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Risks of Bowel Cancer

Cancer is a common disease that affects up to one in three people. Bowel cancer is the fourth most common cancer in the United Kingdom. The risk of developing bowel cancer increases with age 1 in 15 men and 1 in 18 women will be diagnosed with bowel cancer during their lifetime.

Bowel cancer is rare under the age of 30 years and less than 6% of patients are diagnosed with bowel cancer under the age of 50 years. There are certain criteria that suggest a hereditary type of bowel cancer and this is more likely to be in families where more than one relative was diagnosed with bowel cancer at a younger age.

Risk factors that might suggest a family history of bowel cancer include:

When multiple family members have been diagnosed with bowel cancer (or related cancers such as womb or ovarian cancer).Close relatives (parents, brothers/ sisters, or children) with bowel cancer were diagnosed before the age of 50 years.A family history of relatives with a condition called as familial adenomatous polyposis or FAP).

It is important to realise that having a relative who developed bowel cancer at an older age does not significantly increase your risk of bowel cancer.

There is a Bowel cancer screening programme in England which aims to find bowel cancer before you develop any symptoms. It is thought that the earliest cancers detected through the programme have a 90% chance of cure. Screening can prevent some bowel cancers from developing and done regularly can reduce the number of people who die from bowel cancer by 16%.

The screening can also detect polyps. These are growths that are not cancerous (benign). But they may develop into cancer over time. Polyps can easily be removed, which reduces the risk of bowel cancer developing.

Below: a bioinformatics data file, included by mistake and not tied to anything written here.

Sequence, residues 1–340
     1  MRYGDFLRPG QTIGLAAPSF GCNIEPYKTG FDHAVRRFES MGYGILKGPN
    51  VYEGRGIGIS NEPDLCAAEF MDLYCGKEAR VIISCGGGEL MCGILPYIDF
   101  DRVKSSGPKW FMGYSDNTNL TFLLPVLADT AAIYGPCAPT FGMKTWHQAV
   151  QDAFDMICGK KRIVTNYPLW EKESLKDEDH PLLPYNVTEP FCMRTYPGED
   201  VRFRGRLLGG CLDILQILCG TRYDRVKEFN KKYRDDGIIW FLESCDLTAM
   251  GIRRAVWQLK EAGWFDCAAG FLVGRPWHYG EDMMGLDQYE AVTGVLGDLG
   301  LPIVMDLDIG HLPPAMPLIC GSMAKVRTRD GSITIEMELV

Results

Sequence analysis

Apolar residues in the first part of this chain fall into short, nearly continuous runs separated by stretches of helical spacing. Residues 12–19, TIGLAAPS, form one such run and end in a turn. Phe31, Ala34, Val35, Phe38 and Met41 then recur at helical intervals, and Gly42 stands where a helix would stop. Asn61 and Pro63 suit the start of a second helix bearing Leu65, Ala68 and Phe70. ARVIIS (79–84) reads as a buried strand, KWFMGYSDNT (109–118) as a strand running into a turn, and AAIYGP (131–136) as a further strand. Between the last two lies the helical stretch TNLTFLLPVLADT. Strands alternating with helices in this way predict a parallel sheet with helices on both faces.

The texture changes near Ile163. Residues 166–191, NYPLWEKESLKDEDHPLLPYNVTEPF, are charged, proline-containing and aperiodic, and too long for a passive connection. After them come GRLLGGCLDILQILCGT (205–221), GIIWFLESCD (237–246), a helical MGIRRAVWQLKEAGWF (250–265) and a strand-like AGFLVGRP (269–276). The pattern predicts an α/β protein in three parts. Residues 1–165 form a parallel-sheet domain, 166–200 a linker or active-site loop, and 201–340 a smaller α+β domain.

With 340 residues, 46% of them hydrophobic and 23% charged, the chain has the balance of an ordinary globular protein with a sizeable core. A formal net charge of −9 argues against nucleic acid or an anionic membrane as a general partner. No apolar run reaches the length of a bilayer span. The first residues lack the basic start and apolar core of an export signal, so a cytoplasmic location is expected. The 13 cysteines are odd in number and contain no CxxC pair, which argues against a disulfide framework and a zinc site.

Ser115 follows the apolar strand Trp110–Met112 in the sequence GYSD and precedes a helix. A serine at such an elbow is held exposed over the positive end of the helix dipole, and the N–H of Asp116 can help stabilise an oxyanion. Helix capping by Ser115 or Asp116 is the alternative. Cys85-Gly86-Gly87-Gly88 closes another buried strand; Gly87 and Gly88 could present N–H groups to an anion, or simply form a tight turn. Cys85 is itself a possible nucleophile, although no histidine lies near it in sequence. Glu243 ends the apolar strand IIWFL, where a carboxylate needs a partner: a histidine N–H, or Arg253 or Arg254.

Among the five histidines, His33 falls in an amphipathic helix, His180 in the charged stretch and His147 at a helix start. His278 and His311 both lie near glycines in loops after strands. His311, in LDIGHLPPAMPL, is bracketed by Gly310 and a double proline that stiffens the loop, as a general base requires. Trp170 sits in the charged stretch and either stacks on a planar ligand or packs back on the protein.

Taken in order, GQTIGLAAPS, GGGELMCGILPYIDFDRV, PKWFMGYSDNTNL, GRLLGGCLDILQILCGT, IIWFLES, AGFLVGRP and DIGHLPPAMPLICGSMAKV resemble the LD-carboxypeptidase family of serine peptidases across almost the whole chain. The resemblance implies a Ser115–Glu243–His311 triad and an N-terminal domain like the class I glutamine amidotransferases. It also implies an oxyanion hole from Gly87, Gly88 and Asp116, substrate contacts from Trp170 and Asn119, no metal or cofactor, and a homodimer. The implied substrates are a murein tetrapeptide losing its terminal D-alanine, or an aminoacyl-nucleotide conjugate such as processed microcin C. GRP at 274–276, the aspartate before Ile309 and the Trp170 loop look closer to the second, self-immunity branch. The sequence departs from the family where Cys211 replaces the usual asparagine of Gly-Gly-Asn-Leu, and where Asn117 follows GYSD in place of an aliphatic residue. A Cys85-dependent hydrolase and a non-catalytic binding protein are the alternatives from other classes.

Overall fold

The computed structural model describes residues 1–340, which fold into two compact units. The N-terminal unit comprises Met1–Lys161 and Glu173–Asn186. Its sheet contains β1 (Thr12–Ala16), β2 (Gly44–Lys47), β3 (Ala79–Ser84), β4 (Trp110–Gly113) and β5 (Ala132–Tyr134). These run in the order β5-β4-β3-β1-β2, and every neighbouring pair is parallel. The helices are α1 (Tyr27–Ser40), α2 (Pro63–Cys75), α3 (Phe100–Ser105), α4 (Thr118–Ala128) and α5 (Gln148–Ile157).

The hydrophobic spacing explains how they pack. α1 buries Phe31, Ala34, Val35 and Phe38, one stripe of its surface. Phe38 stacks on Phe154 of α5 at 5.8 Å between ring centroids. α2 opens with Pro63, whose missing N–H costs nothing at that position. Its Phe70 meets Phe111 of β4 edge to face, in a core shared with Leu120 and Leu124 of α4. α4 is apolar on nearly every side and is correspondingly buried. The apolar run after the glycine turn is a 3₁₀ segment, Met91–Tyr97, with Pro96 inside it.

Bowel cancer screening is offered every 2 years to men and women aged 60 to 74. People older than this can ask for a screening kit every 2 years by calling the Freephone number 0800 707 60 60. An additional one-off test called bowel scope screening has been introduced in England for men and women at the age of 55. You can discuss details including the advantages and disadvantages with your General Practitioner or a Colorectal Specialist.


Screening of Bowel Cancer

Whilst it is very common to have bowel symptoms, it is important to “BE BOWEL AWARE”. This means that you take note of any symptoms or signs and discuss them with your doctor. These include:

Bleeding from your back passage that is new (or different if you have had bleeding from plies or a tear in your back passage).Persistent change in your bowel habit (diarrhoea or constipation) more than three weeks.Sensation of not being able to empty your bowels after going to the toilet.You notice constant pain or a lump in your tummy.You have lost significant weight and have unexplained tiredness or anaemia.


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